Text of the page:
Last modified: 2015-11-11 by rick wyatt
Keywords: house of representatives | senate | departmental | united states |
Links: FOTW homepage | search | disclaimer and copyright | write us | mirrors
image by Pete Loeser, 18 October 2013
image by Pete Loeser, 18 October 2013
Here is the response from the Clerk of the U.S. House of Representatives regarding a flag:
In regard to your inquiry about an official flag for the House of Representatives, the office supply section indicates that such a flag exists. It was authorized and designed for use by House members with the House seal in a white field, fringed in gold. Every flag that was ever ordered, two in the last 15 years, was custom-made and cost $900.submitted by: Chris Dean, 22 August 2002
However, office supply no longer has any documentation of the authorization of the flag or an official description of its design. There was an unsuccessful effort to authorize a flag in 1961, and in 1984 legislation was introduced prohibiting former members of Congress displaying a flag indicating current service. We have been unable to narrow any authorization for the flag any further.
Office of the Clerk
U.S. House of Representatives
I have only one photo with the House flag (white with the color House seal) which was a partial shot in a press conference from last year, but then I could not re-find the image.
Ben Cahoon, 12 January 2010
In the strange world of political double talk there is no flag of the United States House of Representatives, but, in fact, it not only exists, there are several versions in use. The problem is apparently no official documentation for an "official" flag for the House of Representatives has ever been authorized or produced, and in a classic case of "one hand not knowing what the other is doing," several different legislative departments have had versions of the flag made.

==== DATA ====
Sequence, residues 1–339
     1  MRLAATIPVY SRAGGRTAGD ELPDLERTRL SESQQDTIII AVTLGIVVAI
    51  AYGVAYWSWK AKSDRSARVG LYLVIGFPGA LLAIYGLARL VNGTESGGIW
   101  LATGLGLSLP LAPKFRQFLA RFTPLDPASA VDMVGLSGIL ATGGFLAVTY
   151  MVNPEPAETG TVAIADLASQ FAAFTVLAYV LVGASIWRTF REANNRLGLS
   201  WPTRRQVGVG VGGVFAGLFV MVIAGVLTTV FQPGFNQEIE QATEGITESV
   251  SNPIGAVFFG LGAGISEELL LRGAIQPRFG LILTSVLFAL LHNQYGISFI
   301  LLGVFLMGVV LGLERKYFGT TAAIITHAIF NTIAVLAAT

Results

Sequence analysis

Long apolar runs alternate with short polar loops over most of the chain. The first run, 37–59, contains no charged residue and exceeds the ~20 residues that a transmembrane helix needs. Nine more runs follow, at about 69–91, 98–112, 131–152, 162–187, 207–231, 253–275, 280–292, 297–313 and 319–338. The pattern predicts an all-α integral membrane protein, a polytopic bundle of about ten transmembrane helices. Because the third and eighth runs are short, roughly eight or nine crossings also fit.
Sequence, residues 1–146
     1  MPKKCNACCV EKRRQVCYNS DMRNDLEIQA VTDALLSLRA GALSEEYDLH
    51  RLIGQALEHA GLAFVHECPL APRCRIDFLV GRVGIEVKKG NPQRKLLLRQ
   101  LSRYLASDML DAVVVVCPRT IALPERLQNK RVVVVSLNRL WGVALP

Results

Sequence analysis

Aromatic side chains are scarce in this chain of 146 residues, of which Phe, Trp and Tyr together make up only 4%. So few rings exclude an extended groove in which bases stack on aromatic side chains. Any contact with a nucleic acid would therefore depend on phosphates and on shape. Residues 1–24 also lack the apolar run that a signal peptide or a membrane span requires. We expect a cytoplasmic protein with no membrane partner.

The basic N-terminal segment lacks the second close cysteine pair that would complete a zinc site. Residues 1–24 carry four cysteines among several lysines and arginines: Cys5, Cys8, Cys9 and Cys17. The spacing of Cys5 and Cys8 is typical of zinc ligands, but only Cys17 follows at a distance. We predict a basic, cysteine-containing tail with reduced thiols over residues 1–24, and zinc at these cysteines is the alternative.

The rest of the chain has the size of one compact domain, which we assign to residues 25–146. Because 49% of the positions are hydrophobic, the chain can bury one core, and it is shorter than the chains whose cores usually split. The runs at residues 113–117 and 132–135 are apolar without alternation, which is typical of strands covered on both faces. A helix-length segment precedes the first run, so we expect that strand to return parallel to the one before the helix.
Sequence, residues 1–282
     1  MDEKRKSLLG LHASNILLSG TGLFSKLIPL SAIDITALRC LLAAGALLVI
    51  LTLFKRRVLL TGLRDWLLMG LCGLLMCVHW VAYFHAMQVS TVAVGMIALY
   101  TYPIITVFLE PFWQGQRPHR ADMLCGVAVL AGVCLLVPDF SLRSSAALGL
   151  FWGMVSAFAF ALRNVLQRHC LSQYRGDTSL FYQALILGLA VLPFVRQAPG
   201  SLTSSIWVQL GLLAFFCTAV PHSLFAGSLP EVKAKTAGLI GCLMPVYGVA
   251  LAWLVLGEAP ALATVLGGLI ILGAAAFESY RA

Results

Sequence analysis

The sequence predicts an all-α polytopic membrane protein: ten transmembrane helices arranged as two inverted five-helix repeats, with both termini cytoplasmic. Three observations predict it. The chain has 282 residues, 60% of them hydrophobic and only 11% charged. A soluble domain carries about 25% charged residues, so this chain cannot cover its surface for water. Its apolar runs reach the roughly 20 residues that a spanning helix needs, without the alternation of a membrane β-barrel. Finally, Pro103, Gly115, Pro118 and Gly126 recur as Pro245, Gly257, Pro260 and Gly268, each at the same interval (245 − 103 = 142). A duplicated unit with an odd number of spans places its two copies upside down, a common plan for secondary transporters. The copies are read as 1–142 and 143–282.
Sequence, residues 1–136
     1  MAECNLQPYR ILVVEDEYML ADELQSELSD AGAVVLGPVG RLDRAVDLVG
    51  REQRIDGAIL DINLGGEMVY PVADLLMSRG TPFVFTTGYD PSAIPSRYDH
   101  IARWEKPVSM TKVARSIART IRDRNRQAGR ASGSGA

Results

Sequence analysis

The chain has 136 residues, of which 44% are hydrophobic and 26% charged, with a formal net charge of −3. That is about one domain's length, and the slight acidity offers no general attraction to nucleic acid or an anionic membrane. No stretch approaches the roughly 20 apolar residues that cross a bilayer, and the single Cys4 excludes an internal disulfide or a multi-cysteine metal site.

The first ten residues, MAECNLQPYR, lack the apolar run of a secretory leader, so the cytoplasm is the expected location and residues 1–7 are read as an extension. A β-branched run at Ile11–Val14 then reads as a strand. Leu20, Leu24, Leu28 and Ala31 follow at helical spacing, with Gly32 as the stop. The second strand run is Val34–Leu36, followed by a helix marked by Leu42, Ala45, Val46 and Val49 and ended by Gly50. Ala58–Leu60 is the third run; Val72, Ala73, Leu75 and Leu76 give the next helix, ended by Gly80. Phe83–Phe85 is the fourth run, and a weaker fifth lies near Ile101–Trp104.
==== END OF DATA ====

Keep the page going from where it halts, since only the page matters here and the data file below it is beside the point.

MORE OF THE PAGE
The Speaker's Office itself probably had several flags made to use for special press conferences in the Capitol building when the Speaker was using a room to speak, and they likely are the ones who created the blue flag with the House seal and gold fringe we see in many photographs of the current Speaker of the House. So basically, the flag exists de facto, if not de jure.
Pete Loeser, 18 October 2013
source: Historic Flags of Our Ancestors
Photo of flag with blue background
image located by Rick Wyatt, 11 October 2013
image by Rob Raeside, 11 September 2010
The Speaker of the House is the presiding officer of the United States House of Representatives. The office was established in 1789. Strangely enough, the Constitution does not require that the Speaker be a member of Congress, however, in reality no non-member has ever been elected or is likely to be. The Speaker is actually chosen by the majority party in the House (since they control the vote) and actively works to support that party's legislative platform. The Speaker is second in the United States presidential line of succession, after the Vice President, giving the office considerable power.